We have perfected the technologies we use to kill one another in that we now can kill everyone if the nukes are launched or the right/wrong micro-cooties escape/are released from the labs. There's a Woke Mind virus loose in the world that's causing more than a few people who are products/beneficiaries of Western Civilization to promote cultural suicide.

{That's a lot of something/something elses in the same paragraph... are you/we done?}

Not quite. Next week is an epilogue, Ruh-Roh!, and then I'm/we're done.


Poppa loves you,
Have an OK day

Scroll down if you wish to share my work or access my golden oldies.   

I post links to my columns (and other stuff) on Facebook so that you can love me, hate me, or lobby to have me publicly flogged.

Friday, February 23, 2024

The History of the World (Condensed), Ch. 7

How we got so rich
Image by JJ Jordan from Pixabay

This is a weekly column consisting of letters to my perspicacious progeny  the Stickies — to advise 'em now, haunt them after I'm deleted.

Trigger Warning: This column is rated SSC-65: Sexy Seasoned Citizens   



Featuring {Dana}Persistent auditory hallucination and charming literary device 

History is a set of lies agreed upon." -Napoleon Bonaparte

Dear Stickies (and gentlereaders),  

This is a looong chapter. 

For the record, I've been told by people whose opinion I trust that my columns should be shorter... or longer... or that I should start a podcast or make YouTube videos since nobody reads anymore and I'm wasting my time. Or that...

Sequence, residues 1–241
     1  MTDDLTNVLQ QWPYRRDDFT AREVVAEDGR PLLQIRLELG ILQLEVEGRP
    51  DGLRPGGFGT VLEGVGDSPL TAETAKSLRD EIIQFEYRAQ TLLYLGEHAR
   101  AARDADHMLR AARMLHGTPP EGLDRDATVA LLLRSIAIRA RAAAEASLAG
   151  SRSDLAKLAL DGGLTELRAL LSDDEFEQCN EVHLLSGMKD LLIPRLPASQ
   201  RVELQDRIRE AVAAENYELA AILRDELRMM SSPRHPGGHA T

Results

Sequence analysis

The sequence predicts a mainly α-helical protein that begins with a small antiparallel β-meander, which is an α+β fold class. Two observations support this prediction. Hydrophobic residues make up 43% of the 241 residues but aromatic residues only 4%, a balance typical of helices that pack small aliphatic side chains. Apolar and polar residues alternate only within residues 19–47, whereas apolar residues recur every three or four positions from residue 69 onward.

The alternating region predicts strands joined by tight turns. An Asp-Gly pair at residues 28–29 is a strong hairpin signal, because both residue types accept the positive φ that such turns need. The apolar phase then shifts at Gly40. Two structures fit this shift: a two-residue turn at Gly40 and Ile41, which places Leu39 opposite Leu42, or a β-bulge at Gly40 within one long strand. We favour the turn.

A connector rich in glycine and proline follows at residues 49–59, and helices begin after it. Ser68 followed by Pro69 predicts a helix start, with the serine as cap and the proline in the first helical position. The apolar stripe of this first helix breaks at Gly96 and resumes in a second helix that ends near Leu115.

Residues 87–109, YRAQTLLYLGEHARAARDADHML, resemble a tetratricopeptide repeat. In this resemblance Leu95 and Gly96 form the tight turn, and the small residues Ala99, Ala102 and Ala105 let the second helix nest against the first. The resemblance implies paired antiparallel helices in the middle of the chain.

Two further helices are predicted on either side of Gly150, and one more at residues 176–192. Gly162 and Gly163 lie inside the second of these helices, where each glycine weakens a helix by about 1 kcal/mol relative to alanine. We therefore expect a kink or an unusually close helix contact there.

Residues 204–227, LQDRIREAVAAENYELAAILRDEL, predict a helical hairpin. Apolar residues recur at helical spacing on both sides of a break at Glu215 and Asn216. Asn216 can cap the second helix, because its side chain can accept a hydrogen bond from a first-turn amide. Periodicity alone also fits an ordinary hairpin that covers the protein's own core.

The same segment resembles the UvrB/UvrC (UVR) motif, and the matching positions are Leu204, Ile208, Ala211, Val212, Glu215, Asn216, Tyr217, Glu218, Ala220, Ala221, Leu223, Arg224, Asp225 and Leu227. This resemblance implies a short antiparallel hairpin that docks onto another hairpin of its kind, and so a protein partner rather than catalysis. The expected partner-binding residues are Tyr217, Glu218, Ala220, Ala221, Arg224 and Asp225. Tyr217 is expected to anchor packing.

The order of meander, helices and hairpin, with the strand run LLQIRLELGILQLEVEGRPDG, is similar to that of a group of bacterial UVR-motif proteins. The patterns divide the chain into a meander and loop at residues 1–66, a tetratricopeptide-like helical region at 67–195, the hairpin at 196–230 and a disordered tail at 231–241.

Well, I'm stickin' with writing columns that are roughly 750 to 1,000 words (not this time though) and have no plans to change since I've reached a point where I'm pretty sure I'll not make any money for my efforts no matter which direction I take so I write to please myself and my biggest fan, my big brother Ed, while I'm waiting to wake up dead. 

Theo was to Vincent as Ed has often been to me.

This is why I've abandoned all the various and sundry ways that exist to "monetize" my work, none of which have gone anywhere. I write for me, Ed, Arletta, and anyone else out there who might enjoy my work and the slight chance the Stickies will benefit from it. 

That said, Chapter 7 is the longest one yet. If you'd like to save some time and get on with your day permit me to summarize: A democratic republic and a more or less free market have made us a very rich and more or less free country.   

Macroeconomists, like all social scientists, are much better at explaining things (or at least trying to) afterward than at making predictions. Why? Variables. Just like your favorite weatherperson, they have to deal with myriad known unknowns, not to mention the unknown unknowns. 

That is to say, they try to make predictions about systems that are so complex in nature that an educated guess is as good as it gets.

This is why a minimally regulated market works better than a highly regulated market. This is why when you go to the supermarket most of the thousands of competitively priced products they carry are usually in stock — literally millions of specialists pursuing their own self-interest and freely trading with each other. 

This is why communism and strict versions of socialism don't work, it's physically impossible for politicians and bureaucrats to efficiently do what the market does effortlessly, and if we’re truly free, we’re free to trade. Common sense suggests that both sides in a given transaction are getting something they want out of it or it wouldn’t happen.